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Community Colleges are Essential for Workforce and Economic Development
CNBC issued the 2023 America’s Top States for Business report. All 50 states were scored among ten categories of competitiveness. Michigan ranked 10th overall, earning high ranks in cost of doing business and cost of living, at 6th and 7th respectively. Workforce carried the most weight out of the 10 categories; however, Michigan ranked 24th when it came to workforce. Because workers are in short supply, companies decide where to locate and expand based on the availability of workers in the location.
When it came to education, Michigan ranked 36th. Concerned with whether the state has enough skilled workers to compete economically, the group, Business Leaders for Michigan, released a study that Michigan’s 10-year community college enrollment growth rate was negative 56%, 48th-lowest in the nation. Michigan’s community college completion rate was the second worst with just 27% of students earning a degree or certificate within six years of enrollment. The Michigan Community College Association responded that these statistics are based on limited federal data and focus on full-time students when the majority of community college students attend part-time. State data shows approximately 46% of community college students get a degree or transfer to a four-year university. Still, both groups agree that there is “significant room for improvement.”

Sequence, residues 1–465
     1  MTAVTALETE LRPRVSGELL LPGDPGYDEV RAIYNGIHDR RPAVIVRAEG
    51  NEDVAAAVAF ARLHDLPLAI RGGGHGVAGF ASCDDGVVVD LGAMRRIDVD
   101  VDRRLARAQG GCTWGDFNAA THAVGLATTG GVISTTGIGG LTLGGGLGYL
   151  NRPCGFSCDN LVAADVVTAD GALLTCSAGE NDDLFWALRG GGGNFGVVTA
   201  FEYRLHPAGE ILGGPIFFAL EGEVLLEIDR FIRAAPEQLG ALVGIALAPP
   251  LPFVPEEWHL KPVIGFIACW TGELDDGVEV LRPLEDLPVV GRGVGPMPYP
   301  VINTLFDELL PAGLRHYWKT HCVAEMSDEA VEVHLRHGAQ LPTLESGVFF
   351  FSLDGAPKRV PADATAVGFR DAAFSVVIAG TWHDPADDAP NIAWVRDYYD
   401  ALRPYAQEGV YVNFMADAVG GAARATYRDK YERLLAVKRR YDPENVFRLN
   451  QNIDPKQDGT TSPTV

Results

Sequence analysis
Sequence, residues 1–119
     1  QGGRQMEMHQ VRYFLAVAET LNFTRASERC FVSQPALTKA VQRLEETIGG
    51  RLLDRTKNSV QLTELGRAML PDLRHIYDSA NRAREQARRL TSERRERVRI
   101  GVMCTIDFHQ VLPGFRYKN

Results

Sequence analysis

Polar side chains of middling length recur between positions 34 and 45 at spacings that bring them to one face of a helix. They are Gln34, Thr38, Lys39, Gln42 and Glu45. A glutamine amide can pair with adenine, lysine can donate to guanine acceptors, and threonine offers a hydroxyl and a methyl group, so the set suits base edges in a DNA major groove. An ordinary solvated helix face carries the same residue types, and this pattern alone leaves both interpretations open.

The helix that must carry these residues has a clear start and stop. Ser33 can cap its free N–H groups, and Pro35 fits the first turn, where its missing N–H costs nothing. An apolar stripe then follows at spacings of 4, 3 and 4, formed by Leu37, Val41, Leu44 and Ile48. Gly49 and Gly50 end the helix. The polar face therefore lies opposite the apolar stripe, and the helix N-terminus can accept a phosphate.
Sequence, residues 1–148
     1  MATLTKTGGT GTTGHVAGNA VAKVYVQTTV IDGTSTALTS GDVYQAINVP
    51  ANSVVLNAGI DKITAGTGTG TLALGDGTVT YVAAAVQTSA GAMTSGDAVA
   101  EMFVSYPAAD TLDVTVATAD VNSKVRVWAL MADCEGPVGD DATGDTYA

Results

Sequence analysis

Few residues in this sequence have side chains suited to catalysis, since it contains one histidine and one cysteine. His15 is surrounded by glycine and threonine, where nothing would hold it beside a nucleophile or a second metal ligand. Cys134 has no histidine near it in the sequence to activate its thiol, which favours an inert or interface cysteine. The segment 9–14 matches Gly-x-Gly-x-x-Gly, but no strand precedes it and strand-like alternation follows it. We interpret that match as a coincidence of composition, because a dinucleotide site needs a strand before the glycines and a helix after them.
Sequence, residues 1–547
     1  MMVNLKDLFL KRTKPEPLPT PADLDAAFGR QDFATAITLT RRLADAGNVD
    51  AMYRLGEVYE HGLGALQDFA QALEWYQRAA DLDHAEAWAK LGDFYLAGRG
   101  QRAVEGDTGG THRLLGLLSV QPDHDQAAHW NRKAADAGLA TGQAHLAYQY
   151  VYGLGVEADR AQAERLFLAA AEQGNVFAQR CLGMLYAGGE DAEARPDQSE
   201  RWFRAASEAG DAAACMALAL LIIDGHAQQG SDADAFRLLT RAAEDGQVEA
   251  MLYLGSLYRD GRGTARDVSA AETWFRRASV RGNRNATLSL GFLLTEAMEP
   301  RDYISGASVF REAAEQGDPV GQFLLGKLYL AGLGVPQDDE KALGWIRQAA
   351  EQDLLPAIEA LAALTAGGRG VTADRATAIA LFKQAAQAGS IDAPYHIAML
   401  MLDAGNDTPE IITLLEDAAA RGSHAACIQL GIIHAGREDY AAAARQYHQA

Michigan’s community colleges are “essential” to the state’s future competitiveness because they upskill the workforce. Fortunately, the state has taken steps to increase college enrollment, graduation and attainment rates.